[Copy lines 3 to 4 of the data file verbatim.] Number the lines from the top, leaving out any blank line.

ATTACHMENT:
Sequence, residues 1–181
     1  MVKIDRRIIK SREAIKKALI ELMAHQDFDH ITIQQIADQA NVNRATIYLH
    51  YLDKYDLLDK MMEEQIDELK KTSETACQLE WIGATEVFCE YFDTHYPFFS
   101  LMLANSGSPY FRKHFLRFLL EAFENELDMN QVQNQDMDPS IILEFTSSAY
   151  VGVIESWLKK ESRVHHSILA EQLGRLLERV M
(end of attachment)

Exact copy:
    51  YLDKYDLLDK MMEEQIDELK KTSETACQLE WIGATEVFCE YFDTHYPFFS
   101  LMLANSGSPY FRKHFLRFLL EAFENELDMN QVQNQDMDPS IILEFTSSAY